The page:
[EDITOR’S NOTE: Last year, I was asked to contribute a “blog piece” for an anthology. Not really knowing what this request entailed, I instead offered an original personal essay on how the Cala Foods supermarket on Haight & Stanyan Streets served to combat insomnia. I also contributed a second piece, which stands more of a chance of making it in, given its brevity. But I have no idea which (if any) of the two pieces will appear in the anthology. But in the case of the first piece, because the editor had asked for something that had been previously published and because the Cala Foods supermarket in question, as the SFist has recently mourned , is closing (and more importantly, I am ethically in the clear, by dint of the “previously published” proviso), I thought I would offer the essay here for readers to understand how fantastic the store was. And yes, everything described here really happened. Incidentally, I ran into one of the elder clerks, a man who went to high school during the Eisenhower administration, on Sunday. Even on the streets, he still called me “sir,” recognizing me as a regular. And he assured me, after I had offered several concerned entreaties, that he had found work at another store. But I’m still feeling somewhat sad about this Haight Street pastime closing. The essay speaks for itself.]
Thursday. 3:12 AM. Cala Foods Supermarket.
I’m in Aisle 6 with a half-full shopping cart, watching a twentysomething couple pelt each other with twelve-packs of Charmin. The couple has fallen into a pleasant and infectious hysteria and they’ve made a fantastic mess of the aisle. I’m starting to giggle along with them. Packages of paper towels, napkins and toilet paper are littered across the lino. It’s a hell of a restocking job and I don’t envy the clerk who’ll have to clean up this mess in the morning.
The two have been going at each other for a while. At least fifteen minutes. The young woman appears to be winning the war, beating the young man over the head with a ferocity that reminds me of Mike Tyson taking out Michael Spinks in 91 seconds. But the young man has struck back from a crouched position, getting in a few blows to the side with a roll of Brawny.
Just as the young man is on the verge of a comeback, the two notice me. They stop and, like honorable soldiers pausing to parley, gently place their respective paper products onto the tile.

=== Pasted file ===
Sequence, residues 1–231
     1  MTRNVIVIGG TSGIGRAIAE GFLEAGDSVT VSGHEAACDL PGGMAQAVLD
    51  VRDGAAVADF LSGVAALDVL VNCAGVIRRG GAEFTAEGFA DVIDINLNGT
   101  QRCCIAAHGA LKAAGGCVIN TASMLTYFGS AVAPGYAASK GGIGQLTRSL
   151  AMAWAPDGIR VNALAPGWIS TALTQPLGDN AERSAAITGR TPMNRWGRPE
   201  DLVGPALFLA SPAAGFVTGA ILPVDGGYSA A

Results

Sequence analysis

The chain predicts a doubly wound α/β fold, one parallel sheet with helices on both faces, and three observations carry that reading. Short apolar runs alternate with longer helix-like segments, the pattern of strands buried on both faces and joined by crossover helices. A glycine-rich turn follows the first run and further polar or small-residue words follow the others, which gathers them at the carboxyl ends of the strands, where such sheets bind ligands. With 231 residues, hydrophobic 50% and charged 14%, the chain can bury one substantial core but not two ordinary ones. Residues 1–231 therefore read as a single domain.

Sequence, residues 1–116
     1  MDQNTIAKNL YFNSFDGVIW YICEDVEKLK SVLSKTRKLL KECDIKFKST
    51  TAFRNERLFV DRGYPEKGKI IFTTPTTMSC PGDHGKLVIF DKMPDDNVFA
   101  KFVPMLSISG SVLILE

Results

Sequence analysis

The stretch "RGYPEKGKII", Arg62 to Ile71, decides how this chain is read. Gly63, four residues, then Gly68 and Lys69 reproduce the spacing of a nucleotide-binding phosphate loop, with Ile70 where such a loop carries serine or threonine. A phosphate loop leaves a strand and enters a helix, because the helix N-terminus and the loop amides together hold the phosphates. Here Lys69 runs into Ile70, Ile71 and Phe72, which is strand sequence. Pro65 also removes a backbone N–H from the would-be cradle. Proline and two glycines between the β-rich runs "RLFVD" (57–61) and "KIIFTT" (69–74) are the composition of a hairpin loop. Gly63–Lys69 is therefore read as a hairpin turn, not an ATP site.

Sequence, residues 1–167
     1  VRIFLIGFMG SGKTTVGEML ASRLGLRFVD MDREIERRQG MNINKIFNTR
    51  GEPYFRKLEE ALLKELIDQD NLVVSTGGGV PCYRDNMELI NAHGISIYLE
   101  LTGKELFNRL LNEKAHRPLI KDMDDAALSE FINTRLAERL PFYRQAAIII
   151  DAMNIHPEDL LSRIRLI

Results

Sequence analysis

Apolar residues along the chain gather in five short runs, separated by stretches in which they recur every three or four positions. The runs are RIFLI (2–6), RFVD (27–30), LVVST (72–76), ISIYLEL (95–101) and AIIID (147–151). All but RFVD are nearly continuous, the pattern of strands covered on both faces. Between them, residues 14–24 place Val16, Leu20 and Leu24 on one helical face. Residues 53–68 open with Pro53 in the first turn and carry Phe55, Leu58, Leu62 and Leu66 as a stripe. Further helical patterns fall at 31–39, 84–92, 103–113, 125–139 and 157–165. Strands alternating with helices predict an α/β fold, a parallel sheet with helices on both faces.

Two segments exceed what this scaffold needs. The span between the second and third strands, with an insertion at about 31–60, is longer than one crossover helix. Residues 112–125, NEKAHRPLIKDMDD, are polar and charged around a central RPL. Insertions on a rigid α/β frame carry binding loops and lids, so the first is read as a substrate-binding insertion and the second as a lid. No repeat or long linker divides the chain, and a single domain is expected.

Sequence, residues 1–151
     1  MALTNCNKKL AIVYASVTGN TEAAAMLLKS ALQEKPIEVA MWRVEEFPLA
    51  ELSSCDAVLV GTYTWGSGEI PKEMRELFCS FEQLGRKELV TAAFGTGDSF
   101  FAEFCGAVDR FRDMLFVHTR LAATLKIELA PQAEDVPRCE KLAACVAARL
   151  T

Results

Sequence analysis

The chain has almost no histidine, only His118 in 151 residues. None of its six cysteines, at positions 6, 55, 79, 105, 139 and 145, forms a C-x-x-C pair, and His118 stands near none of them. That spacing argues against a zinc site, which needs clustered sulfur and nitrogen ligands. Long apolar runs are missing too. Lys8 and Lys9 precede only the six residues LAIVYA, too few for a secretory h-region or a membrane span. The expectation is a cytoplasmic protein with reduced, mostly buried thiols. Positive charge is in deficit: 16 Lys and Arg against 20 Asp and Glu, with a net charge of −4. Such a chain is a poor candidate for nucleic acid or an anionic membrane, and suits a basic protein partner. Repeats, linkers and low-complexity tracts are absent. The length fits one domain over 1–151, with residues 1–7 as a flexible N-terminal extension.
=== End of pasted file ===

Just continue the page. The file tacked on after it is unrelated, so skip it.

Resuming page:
“Don’t mind me,” I say. “Carry on. As you were.”
Seconds later, they’re at it again. The young woman lets loose a war cry and delivers an admirable blow to the young man’s crotch with the improbably pugilistic Quilted Northern. The young man stops in his tracks with a moan, his arms forming a telltale vee to cover his sensitive spot. For a moment, I’m not certain if it’s genuine pain or mock surprise. But within a minute, he is unfazed and it’s clear that there will be no meeting in Yalta or Versailles.
I take my leave of these brave warriors and proceed to the checkout line. A disheveled clerk and a security guard stare up at a black-and-white surveillance monitor bolted to the wall, rapt by this surreal imagery. If anything, the fight looks even more ridiculous with time code.
“How long should we give ‘em?” asks the security guard.
“Oh, I don’t know. Maybe five minutes.”
The clerk scans my groceries. The beeps put me into a mild trance. I stare into the red laser of the scanner and I think I see God.
I look up at the hazy monitor and see the couple now throwing packages of napkins at each other. I’m a bit curious why these two haven’t yet tested the parabolic possibilities of Kleenex. The security guard, who has been studying the items I’m purchasing for potential clues to why I might be shopping at this hour, catches the monochromatic blur of a Scott 400-napkin pack now being employed as a projectile. This is the straw, so to speak, that turns him into a one-man United Nations.
“Hey, man,” says the security guard, “we gotta stop this.”
The clerk, spurned by the guard’s return to duty, grips the PA receiver by his register and addresses the store.
Put the napkins down and please conclude your purchase. Thank you for shopping Cala.
The couple look up, as if expecting an angel to descend from the flickering fluorescents. The young man catches on quick that the seraphs aren’t coming anytime soon, locks his left arm around the young woman’s neck, arches her over and surprises her with a kiss. I wonder for a moment if I’m dreaming, but it’s as true as taxes. It’s the spitting image of that famous VJ Day photograph where the sailor is kissing the nurse.
I pay for my groceries, head home, put everything away, collapse onto my extremely comfy futon and fall fast asleep – the best zees I’ve had in months.